agreed to pursue standardization in the Linux Standard Base around ARMv7.
Moving to a new ABI is in general a non-trivial operation because it means
that all of the software in the entire Fedora distribution must be rebuilt
from scratch. In this respect, moving to the new ABI is similar to moving
to a new architecture, which is how the transition to ARMv7 was approached.
Fortunately, in this case there was already a working Linux kernel because
only the userspace linkage of applications was actually being changed. The
kernel itself only cares about the system call interface ABI, which wasn't
affected by the change. Therefore, in this particular case (though this is
not true in general of new architecture ports) it was possible to run both
of the userspace ABI versions on the same kernel, even concurrently. Fedora
can do this using different user-space chroots, while some other distributions
are experimenting with something they call "multi-arch" which uses different
dynamic linker prefixes according to the ABI version. Fedora ARM will aim to
be compatible with this approach by virtue of the cross-distribution
effort (though it may in the short term use a symlink approach targeting one
arch with the standard prefixes in the absence of full multi-arch support).
[The second part of this series will be available in the near future.]
Comments (12 posted)
The first OpenMediaVault
is available. OpenMediaVault is a Debian-based distribution
aimed at network-attached storage applications; it is derived from
FreeNAS. More information can be found on the OpenMediaVault wiki
Comments (5 posted)
The Ubuntu 11.10 release is available. "For PC users, Ubuntu 11.10 supports laptops, desktops and netbooks
with a unified look and feel based on an updated version of the
desktop shell called 'Unity', which introduces specialized 'Lenses'.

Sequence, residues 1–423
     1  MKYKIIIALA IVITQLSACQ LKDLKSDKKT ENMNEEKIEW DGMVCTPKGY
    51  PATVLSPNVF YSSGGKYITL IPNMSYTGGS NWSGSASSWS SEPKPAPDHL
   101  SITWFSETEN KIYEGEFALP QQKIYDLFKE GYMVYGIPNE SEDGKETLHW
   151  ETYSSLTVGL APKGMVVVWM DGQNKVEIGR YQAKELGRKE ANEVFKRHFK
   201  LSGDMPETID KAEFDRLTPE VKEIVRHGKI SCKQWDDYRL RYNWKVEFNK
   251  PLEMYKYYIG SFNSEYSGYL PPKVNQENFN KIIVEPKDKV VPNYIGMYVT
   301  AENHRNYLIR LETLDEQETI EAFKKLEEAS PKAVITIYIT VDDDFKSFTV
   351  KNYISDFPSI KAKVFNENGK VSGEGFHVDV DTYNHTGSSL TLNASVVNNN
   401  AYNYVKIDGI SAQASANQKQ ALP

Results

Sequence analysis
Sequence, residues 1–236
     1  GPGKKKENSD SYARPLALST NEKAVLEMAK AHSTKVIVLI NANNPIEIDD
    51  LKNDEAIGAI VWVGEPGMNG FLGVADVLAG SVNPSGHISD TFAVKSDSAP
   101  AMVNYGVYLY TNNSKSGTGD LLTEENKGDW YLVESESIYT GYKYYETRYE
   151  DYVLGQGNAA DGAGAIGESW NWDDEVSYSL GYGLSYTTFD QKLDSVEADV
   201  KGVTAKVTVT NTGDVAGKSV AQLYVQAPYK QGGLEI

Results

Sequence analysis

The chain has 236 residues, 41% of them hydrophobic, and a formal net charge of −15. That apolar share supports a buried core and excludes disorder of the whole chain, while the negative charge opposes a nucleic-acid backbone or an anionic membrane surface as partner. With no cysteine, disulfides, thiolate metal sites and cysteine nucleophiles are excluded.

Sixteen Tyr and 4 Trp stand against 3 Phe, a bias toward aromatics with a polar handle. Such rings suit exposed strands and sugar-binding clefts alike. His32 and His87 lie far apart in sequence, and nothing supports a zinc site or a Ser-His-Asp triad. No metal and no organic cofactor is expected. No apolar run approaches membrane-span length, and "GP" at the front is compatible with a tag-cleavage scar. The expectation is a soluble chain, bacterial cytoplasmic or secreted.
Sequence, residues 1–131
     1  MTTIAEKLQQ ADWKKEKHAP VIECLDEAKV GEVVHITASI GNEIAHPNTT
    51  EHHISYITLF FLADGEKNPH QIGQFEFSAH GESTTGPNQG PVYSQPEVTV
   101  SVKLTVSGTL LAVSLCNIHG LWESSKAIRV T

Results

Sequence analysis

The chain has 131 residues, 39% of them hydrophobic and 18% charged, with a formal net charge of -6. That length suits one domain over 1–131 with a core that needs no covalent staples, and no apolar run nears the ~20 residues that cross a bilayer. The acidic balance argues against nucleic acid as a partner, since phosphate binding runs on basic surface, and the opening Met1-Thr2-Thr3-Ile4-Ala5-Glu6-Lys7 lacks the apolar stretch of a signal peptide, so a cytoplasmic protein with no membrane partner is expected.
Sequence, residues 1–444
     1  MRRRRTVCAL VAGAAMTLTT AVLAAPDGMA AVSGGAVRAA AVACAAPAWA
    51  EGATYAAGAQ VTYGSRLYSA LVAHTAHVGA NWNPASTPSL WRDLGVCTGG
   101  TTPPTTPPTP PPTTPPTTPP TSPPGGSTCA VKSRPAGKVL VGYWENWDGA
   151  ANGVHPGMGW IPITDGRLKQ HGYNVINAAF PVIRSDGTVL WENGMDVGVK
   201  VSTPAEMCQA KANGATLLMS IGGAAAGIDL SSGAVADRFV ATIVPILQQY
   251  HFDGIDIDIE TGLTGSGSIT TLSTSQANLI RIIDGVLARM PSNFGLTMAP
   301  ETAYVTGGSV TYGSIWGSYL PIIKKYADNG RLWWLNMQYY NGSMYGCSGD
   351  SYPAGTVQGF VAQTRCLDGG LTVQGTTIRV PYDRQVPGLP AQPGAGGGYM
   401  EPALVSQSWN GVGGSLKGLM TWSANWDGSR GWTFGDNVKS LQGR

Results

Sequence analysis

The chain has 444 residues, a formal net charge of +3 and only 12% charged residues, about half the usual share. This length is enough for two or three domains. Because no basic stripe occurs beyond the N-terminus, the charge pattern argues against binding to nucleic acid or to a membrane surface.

Finding and installing software using the Ubuntu Software Centre is
now easier thanks to improvements in speed, search functionality
enhancements, and usability improvements. Aside from updates
on the performance side, it's also more aesthetically appealing.
for more information.
Full Story (comments: 31)
The Debian Systems Administration team has two new members: Faidon
Liambotis and Tollef Fog Heen. They will join team members Luca Filipozzi,
Martin Zobel-Helas, Peter Palfrader, and Stephen Gran.
Full Story (comments: none)
The next version of Ubuntu "Precise Pangolin" aka 12.04 is open for
development. Currently syncs are underway from Debian testing in
preparation for this Long Term Support (LTS) release.
Full Story (comments: none)
Newsletters and articles of interest
Comments (none posted)
Dave Phillips takes a look
at AV Linux, a Debian based distribution aimed at Audio/Video creation. "In the lower left corner of the opening display you'll see a row of icons. The icon at far left summons the main menu for the AV Linux applications stack and system maintenance tools. As mentioned, you'll find all the major players in the Linux audio applications arena, from Ardour to ZynAddSubFX, along with a generous helping of video applications and utilities. System administration tools can be found in the main menu, or you can simply click on the AV Linux Control Panel, the icon just to the right of the main menu's icon. The Control Panel provides easy access to tools and utilities for system management, administration, and customization. Its amenities include an installer for ATI/nVidia binary video drivers and a very useful tool that scans and analyzes your system for its readiness for realtime performance.
Comments (none posted)
stayed with GNOME 2 for its
last release. The H looks
at plans for a GNOME 3 edition for the upcoming version 12 release. "The new edition will initially be developed alongside the GNOME 2.32-based release which will remain as the default desktop environment of Mint. The developers had decided to stick with GNOME 2.32 because there had been "radical changes" in GNOME 3.x's desktop which had split the communities of GNOME and Mint users.
Comments (8 posted)
The H covers
the release of Wary Puppy 5.2, a popular "puplet" for older hardware. "Based on the 126.96.36.199 Linux kernel, and with all of its base packages recompiled in the T2 System Development Environment, the new release is a "massive upgrade" to the 5.1.x series. Users can now easily upgrade from Xorg 7.3, which is still included by default to support older hardware, to version 7.6 for newer video devices by installing a single PET (Puppy's Extra Treats) package. Because of several problems, the gtkam GTK2 GUI for libgphoto2 has been replaced with PupCamera for automatically detecting digital cameras.
Comments (none posted)